I would suggest reading together from the above chapter books for 1/2 hour a day. Read one of the pictures books per day and have your children do some of the listed activities below each day according to their abilities. Include all work separately in a notebook/binder or composition book for each child. Don't forget to let them decorate their own covers with pictures of bees, stickers or bee clip art! Encourage them to be creative.  By the end of a few weeks you will have a nice collection of "bee scrapbooks" to cherish as an educational keepsake.

Bee Inspired Learning Activities ~

Suggested Spelling/Vocabulary List: Make sure to have a "Spelling Bee" at the end of the unit!
  1. pollinate
  2. nectar
  3. flower
  4. honey
  5. hive
  6. sting
  7. colony
  8. queen
  9. drone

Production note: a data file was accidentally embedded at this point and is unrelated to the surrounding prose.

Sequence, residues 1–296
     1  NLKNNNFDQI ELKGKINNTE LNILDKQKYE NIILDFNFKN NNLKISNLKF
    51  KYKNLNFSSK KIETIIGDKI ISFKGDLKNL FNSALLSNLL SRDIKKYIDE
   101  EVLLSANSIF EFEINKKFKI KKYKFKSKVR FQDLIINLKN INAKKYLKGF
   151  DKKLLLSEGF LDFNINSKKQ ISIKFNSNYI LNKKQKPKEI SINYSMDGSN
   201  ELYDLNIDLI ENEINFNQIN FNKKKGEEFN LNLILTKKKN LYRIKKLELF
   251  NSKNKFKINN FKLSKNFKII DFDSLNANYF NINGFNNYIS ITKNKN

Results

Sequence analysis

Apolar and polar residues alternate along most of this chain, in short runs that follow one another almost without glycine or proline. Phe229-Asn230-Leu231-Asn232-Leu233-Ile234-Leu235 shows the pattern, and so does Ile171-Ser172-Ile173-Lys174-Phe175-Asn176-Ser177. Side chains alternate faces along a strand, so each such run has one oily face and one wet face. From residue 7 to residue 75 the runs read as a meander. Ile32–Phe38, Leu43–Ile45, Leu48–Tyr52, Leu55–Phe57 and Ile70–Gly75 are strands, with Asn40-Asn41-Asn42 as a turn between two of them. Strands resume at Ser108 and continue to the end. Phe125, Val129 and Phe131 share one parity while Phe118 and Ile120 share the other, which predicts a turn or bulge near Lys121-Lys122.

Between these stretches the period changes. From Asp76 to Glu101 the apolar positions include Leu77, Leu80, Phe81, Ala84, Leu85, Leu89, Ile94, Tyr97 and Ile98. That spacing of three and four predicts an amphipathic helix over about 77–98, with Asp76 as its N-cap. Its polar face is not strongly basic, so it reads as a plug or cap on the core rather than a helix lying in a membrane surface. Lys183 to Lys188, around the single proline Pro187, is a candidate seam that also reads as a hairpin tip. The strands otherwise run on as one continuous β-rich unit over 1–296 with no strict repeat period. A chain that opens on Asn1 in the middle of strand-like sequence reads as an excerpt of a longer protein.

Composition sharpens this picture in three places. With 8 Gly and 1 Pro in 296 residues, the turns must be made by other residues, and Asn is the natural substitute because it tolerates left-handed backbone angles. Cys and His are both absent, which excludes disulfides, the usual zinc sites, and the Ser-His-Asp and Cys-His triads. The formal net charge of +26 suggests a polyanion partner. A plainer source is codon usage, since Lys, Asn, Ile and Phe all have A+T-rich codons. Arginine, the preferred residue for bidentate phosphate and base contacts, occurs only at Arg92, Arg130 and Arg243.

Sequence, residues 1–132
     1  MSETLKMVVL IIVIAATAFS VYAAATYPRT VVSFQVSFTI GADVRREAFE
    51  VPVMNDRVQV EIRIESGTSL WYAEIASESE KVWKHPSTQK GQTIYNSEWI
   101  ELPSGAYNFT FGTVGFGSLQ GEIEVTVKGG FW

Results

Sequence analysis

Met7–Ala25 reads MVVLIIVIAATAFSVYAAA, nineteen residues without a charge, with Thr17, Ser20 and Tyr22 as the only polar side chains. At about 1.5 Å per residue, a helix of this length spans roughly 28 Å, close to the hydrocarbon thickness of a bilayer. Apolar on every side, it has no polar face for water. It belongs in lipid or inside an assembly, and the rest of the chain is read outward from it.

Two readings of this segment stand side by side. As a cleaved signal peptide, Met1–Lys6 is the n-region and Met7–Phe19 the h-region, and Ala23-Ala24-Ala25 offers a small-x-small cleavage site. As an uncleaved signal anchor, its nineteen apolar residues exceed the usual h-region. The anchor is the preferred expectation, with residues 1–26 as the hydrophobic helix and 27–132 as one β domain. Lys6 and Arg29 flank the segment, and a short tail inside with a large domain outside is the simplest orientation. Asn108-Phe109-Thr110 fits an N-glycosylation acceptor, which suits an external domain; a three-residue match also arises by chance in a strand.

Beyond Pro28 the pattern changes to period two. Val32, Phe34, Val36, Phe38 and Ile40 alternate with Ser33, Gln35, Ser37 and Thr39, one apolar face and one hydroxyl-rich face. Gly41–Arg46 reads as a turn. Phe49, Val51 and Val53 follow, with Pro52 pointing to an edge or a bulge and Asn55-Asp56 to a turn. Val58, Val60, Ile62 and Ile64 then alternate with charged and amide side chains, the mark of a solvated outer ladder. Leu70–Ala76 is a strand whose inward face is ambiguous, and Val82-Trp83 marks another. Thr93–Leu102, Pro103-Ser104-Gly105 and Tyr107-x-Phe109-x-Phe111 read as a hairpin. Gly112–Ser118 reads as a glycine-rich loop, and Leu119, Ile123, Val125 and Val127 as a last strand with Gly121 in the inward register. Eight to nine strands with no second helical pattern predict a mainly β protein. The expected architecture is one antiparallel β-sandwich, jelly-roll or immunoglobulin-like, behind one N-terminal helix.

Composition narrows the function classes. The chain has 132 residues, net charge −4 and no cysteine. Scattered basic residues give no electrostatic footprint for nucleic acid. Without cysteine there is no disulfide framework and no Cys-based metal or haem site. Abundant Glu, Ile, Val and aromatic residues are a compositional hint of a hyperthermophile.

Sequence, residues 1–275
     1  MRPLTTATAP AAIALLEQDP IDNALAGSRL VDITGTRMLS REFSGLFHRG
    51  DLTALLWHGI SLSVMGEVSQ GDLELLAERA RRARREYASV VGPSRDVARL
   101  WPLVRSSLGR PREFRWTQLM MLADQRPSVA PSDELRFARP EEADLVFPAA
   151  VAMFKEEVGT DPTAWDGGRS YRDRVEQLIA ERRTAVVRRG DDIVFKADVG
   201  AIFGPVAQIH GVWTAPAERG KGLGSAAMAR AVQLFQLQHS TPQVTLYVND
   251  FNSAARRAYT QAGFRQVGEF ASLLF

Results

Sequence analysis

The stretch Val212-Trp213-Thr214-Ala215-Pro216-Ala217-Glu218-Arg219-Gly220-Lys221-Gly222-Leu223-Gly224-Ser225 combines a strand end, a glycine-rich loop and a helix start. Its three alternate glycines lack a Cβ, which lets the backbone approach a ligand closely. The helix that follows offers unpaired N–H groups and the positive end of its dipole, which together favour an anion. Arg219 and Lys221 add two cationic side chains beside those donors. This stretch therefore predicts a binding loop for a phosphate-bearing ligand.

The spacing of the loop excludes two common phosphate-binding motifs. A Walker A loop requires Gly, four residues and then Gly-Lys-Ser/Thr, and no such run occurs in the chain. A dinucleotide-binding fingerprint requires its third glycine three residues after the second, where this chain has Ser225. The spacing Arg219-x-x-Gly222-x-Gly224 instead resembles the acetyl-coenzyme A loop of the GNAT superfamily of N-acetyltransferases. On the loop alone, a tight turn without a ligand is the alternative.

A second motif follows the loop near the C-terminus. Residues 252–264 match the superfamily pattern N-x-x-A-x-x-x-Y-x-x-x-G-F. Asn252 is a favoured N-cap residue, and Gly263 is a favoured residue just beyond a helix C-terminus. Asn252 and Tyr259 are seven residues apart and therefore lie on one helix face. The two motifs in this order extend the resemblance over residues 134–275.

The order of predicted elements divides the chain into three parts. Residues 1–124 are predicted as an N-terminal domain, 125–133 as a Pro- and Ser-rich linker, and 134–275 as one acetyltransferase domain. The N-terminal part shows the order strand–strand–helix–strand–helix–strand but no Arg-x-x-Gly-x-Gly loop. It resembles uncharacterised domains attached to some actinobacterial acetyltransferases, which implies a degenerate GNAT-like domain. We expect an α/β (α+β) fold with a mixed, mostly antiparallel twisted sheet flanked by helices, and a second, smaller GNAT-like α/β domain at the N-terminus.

10. swarm
  11. worker
  12. head
  13. thorax
  14. abdomen
  15. apiary

Bible/Penmanship: Copy a Bible verse a day about bees and/or honey in your best writing making sure to include all proper punctuation.

Bible Discussion: Read Proverbs 25:16 about eating "just enough" honey.  Talk to your children about "over-eating", the sin of gluttony, and self-control.

"Hast thou found honey? eat so much as is sufficient for thee,
lest thou be filled therewith, and vomit it."
~ Proverbs 25:16

Bible Discussion: Read the Proverb below to your children and discuss the meaning together.

"Pleasant words are as an honeycomb, sweet to the soul, and health to the bones."
~ Proverbs 16:24

Language Arts/Penmanship: Have your children copy the following poem in their best writing or cursive making sure to use all the proper punctuation. You can also have children memorize this poem if you like.

Against Idleness and Mischief by Isaac Watts

How doth the little busy bee
Improve each shining hour,